HARBESON: The honor in war
> SOUTHERN INDIANA — I’ve been thinking a lot about war lately. This is partly due to the U.S. Postal Service’s government-granted monopoly on delivering first-class mail.
See, I recently discovered that the stamps with the odd shape I’ve been using for a while, and slapping on envelopes upside down, are commemorating the Purple Heart. As most of you probably already know, the Purple Heart is an attempt to make us all feel better about the damage done to individuals who were unlucky enough to get physically wounded or killed by our nation-state’s involvement in various wars.
I think it makes a lot of sense to try to do something to acknowledge what has happened to these people and to their families. What concerns me is how such actions may contribute to the continuation of war.
Medals and commemorations worry me because they create an atmosphere of automatic hero-worship over the critical analysis of a given war. Growing up with memorials and commemorations helps build the belief that American wars are always moral. This has led to acceptance of actions from politicians that go far beyond any sensible understanding of defense.
Awards such as the Purple Heart are used by the government to promote abstract moral ideas like honor, glory and service to the country. But little, if any, attention is given to the effectiveness of using violence as a means to resolve conflict.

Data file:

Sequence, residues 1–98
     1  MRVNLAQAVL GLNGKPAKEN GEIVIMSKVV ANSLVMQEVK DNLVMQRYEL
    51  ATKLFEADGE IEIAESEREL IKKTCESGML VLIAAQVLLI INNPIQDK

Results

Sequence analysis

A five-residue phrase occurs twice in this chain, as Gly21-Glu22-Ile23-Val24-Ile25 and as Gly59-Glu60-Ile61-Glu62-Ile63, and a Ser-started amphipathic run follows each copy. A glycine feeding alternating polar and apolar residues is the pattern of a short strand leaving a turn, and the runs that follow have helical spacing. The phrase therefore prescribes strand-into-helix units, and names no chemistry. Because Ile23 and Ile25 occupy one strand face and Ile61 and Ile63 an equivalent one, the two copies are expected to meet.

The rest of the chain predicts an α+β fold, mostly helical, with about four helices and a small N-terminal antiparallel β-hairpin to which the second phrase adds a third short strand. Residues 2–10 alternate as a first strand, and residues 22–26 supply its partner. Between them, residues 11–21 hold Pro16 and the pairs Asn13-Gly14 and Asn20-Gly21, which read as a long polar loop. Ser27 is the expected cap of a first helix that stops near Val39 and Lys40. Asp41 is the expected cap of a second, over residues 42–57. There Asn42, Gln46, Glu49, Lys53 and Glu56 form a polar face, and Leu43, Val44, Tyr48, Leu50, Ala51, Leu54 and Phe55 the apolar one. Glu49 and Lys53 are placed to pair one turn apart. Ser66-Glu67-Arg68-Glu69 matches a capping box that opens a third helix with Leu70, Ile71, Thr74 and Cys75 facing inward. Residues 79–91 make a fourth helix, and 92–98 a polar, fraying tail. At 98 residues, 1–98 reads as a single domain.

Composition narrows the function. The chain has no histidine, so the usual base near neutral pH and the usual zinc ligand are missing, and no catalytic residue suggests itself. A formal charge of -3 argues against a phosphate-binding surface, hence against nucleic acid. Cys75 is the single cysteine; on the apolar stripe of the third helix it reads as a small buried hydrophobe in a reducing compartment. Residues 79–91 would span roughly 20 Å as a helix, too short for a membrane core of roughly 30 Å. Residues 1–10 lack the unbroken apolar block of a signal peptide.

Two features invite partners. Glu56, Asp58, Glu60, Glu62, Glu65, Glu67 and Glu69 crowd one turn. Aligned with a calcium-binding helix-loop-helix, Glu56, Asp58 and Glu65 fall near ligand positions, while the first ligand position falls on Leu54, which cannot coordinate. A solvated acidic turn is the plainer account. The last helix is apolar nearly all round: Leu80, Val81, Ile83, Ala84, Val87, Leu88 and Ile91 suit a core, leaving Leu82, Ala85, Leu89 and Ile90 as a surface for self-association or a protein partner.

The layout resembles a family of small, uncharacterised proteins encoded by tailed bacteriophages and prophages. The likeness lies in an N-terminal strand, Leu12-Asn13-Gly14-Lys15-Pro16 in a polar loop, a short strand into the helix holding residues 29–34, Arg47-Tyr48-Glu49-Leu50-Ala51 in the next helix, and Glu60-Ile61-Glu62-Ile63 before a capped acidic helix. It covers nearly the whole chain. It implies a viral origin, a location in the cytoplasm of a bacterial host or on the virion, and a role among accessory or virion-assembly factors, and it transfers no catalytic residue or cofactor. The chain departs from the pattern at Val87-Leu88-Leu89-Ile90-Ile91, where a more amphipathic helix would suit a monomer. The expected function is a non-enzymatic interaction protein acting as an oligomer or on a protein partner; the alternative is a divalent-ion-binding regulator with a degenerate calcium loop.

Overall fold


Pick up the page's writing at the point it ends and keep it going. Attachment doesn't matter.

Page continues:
Ever since the phrase “greatest generation” was embedded in our culture, I’ve always thought it was strange how we talk about our aging veterans as if they all voluntarily consented to join the military. The way our society pretends that all veterans were willing to go kill people in other countries on behalf of this country hides the real dissent that existed in all wars fought.
People were still being conscripted into military service as recently as 1972 and I wonder how some draftees or families feel about the Purple Heart. Does a medal ease the burn or does it further inflame the horrific injustice?
When the draft ended, advertising on behalf of military service began almost immediately. This happened at nearly the same time the government created a law banning some cigarette advertising because, well, those things can kill you.
As Americans, it’s relatively easy to go about our daily lives insulated from the horror of war. We’d have to work hard to even imagine what it would be like to have another country’s military camping on top of the Knobs, claiming to be there in the name of freedom while at the same time killing our children.
So is it possible to hand out medals to soldiers and their families without glorifying war at the same time?
I noticed that the town of Clarksville plans to spend money on “improvements and additions” to its war memorial and the low bid was more than $300,000. Governments spend a lot of money memorializing war; that in itself may be one clue that it might not be a good idea.
Maybe the best we can do is stop focusing war commemoration activities on our singular perspective. Perhaps every time war is memorialized, mourning should include all the human deaths that occurred, the soldiers and the involuntarily conscripted on both sides, as well as the civilians who live in the country where the battles occur who just happened to be born on the wrong piece of dirt at the wrong time in history.
People should certainly be able to empathize with the helplessness felt by families who live in the countries the United States invades. After all, despite the claim on having greater freedom to control the government Americans live under, it still seems impossible to get the politicians, Democratic or Republican, to stop playing their war games.
— Sellersburg resident Debbie Harbeson wonders if a day will come when a private entity creates a stamp commemorating the end of government.